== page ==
During a webcast sponsored by the National Association of Government Defined Contribution Administrators, Bozeman explained that participants face three dilemmas: not knowing how much to save, not knowing how to invest their savings and not knowing how to generate an income stream in retirement. Plan design features can address the first dilemma, target-date funds solve the second and guaranteed income products can help with the third.
Bozeman contended the industry is about to enter the next phase of defined contribution (DC) plan investing. He pointed to a BlackRock survey that found workers and sponsors agree on the importance of secure income-generating options in their workplace retirement plan. Nearly nine out of 10 (86%) sponsors agree (and 20% agree a “great deal”) that their participants would benefit from an in-plan guaranteed solution, and 89% of workers agree on the importance of these income options (see “Sponsors Think Employees Will Have to Keep Working”). However, the survey also found very few employers offer in-plan guaranteed solutions.
A poll of webcast participants about why they are hesitant to adopt in-plan guaranteed income solutions for their retirement plans found most are concerned with operational and implementation complexity, followed by costs, fiduciary concerns and lack of familiarity with products.
According to Bozeman, ideally, DC income products will provide relative certainty, simplicity, feedback, and flexibility in a cost effective structure that is designed to comprehensively meet participants’ retirement needs.
When making the decision to offer in-plan guaranteed income options, Richard Turner, vice president and deputy general counsel at VALIC, said plan sponsors should ask should I get involved, and if I do, what are my potential risks and liabilities? Then, it should be a participant-focused decision: What can I do to maximize potential for participant success? According to Turner, key risk factors for participants include longevity, inflation and returns; the amount and timing of withdrawals; the ability to pool return risk; and participants cognitive ability in later years to follow through with financial strategies.
Turner noted that Employee Retirement Income Security Act (ERISA) fiduciary rules apply to the selection of a guaranteed income product provider and participant education and advice. Non-ERISA plans may be subject to other fiduciary rules of the state or related to trustees of assets.
There are three main forms of lifetime income guarantees: required minimum distributions (RMDs), annuities and guaranteed minimum withdrawal or income benefits (GMWB or GMIB). Turner explained that with RMDs, for which the calculation uses life expectancy tables, since life expectancy never goes to zero, they effectively last a participant’s lifetime.
With annuities, participants will focus on annuitizing a portion, not all, of retirement savings, he said. Deferred annuities start at a certain commencement date in the future, immediate annuities start after the purchase. There are fixed or variable annuities which offer either a fixed payment amount or one that varies with market fluctuations. And, annuities can either pay participants for life or for a period certain.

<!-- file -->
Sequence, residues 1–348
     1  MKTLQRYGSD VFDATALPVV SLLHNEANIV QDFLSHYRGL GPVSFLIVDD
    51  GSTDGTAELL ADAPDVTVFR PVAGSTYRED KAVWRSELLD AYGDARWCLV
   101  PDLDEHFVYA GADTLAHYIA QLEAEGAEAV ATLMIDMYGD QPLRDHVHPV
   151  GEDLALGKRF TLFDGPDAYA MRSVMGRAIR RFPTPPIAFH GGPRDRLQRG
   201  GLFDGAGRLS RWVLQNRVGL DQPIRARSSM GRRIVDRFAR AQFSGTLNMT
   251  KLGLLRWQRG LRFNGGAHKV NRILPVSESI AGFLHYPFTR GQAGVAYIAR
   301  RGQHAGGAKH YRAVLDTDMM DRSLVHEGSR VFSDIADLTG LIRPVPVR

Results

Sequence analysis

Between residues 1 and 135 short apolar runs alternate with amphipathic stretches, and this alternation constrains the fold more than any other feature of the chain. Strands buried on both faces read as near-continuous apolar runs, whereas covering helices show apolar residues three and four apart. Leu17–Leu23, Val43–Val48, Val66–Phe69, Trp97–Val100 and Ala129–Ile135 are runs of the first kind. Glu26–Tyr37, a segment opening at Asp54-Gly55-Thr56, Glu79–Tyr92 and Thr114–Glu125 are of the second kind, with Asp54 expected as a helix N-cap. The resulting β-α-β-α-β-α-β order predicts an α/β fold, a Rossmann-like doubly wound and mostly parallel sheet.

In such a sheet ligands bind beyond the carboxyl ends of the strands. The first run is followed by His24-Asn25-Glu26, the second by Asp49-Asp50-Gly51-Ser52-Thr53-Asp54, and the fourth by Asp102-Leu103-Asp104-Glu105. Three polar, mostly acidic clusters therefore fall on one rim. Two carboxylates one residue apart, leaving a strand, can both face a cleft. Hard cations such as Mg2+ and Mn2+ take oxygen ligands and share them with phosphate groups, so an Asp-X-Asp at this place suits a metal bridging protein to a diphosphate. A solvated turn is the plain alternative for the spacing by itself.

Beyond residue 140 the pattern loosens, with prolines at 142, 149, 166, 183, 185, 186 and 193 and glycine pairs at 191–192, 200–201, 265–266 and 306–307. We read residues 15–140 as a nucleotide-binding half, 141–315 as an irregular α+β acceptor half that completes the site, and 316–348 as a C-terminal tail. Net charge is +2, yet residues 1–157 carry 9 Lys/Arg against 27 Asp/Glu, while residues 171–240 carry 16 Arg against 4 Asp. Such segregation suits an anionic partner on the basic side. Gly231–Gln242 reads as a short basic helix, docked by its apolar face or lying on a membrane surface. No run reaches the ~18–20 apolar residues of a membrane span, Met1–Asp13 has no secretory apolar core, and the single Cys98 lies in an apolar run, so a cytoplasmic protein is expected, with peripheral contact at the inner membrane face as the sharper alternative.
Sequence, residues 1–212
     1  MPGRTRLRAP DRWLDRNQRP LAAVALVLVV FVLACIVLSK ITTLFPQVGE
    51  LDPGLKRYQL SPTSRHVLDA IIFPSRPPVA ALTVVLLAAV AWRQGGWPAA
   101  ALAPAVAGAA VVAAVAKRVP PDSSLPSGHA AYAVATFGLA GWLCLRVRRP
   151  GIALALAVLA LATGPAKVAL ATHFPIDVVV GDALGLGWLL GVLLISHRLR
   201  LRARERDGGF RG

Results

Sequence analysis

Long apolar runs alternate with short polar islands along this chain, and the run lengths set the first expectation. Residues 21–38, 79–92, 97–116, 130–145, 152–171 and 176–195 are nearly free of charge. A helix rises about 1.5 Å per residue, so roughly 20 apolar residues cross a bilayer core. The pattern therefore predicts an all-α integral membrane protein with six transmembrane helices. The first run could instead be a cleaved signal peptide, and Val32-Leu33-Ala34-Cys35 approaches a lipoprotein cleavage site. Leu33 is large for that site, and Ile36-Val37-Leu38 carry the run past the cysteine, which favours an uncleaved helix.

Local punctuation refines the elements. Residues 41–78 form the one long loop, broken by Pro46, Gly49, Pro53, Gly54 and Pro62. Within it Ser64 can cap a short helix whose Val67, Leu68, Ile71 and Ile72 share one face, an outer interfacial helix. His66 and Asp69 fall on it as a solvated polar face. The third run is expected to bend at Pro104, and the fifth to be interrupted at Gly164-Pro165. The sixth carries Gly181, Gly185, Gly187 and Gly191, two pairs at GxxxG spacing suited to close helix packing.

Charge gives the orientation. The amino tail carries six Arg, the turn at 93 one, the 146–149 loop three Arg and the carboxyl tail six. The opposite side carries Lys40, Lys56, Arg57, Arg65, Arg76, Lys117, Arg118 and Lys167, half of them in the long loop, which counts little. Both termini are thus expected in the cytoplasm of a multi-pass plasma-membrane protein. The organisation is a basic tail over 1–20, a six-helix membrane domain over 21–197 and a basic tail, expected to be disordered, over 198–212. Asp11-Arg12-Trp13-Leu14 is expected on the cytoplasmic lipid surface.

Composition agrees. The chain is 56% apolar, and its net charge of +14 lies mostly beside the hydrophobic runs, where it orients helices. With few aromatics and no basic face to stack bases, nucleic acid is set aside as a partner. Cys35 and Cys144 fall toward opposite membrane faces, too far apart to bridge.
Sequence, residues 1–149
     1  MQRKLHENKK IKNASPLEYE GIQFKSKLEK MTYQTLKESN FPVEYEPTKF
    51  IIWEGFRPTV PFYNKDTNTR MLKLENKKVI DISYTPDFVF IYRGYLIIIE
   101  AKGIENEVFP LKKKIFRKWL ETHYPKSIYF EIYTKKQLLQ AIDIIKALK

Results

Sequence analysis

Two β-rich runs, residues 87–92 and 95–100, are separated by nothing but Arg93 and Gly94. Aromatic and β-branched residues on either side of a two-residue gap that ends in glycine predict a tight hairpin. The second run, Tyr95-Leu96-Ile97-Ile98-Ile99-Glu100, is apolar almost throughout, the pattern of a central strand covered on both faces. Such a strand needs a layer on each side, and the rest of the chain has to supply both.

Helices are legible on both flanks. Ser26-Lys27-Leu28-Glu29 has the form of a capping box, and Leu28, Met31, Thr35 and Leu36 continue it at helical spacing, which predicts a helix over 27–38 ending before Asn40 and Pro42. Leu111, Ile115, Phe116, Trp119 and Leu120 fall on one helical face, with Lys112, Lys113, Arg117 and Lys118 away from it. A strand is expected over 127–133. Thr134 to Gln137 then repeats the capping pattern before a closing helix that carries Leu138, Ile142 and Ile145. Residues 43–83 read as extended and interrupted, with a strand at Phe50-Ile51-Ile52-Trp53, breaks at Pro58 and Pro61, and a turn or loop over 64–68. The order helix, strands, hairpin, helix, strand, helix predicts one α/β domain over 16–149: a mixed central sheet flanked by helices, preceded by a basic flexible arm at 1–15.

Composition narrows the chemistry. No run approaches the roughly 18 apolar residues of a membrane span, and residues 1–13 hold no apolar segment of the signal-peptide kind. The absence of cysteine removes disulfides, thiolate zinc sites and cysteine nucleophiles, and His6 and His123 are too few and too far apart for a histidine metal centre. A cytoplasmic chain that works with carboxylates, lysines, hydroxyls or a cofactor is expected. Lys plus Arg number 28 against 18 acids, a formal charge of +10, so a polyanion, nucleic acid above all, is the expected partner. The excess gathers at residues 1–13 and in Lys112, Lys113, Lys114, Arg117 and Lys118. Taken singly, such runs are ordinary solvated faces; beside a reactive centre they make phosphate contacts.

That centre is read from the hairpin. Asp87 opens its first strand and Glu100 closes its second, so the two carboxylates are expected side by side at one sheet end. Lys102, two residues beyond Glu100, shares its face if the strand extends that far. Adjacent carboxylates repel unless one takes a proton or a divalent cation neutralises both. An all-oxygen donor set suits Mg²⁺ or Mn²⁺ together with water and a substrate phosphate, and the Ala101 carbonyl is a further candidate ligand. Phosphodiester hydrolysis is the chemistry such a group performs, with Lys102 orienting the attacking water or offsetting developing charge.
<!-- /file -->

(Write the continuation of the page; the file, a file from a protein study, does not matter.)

GMWBs and GMIBs are attached to a participant’s existing account balance, and provide either a guarantees of a minimum withdrawal (the account remains in accumulation) or a minimum annuity. With a GMWB, withdrawals can continue even after an account is depleted. With a GMIB, there is a minimum annuity regardless of account balance.
Even if a plan is not governed by ERISA, a plan sponsor will want a formal review process to be an informed buyer, said Jayson Davidson, CFA, senior consultant at Hyas Group.
According to Davidson, key evaluation areas to consider are the variety and quality of investments. Look at underlying investment options of the products and ask if their quality is strong enough to warrant offering to participants. Plan sponsors should also look at fees, and Davidson noted that in addition to fees related to investments, insurance companies charge a fee to guarantee that a participant can make withdrawals (even if the market value falls to $0), and they may or may not reserve the right to increase the fee.
Plan sponsors should also consider portability of the product if a participant separates from service, if the plan’s recordkeeper changes or if the product is eliminated as an investment option. Can participants redeem the market value of their shares at any time? Other areas for evaluation include the guaranteed withdrawal rates and policies and the guarantor’s credit quality and the state’s guarantee level; if the insurer becomes insolvent, claims will go the state.
While product evaluation can be very involved, Davidson contended the pros of offering participants an in-plan guaranteed income option outweigh the cons. “The pro of guaranteeing retirement income itself is reason to consider such products,” he said. He added that current regulations do not provide a highly specific analytical roadmap, but the industry can expect more regulations about these products as the federal government considers retirement income in general.
A copy of the webcast presentation with a checklist of questions for evaluating guaranteed income products is at http://www.nagdca.org/documents/Combined_Presentation.pdf.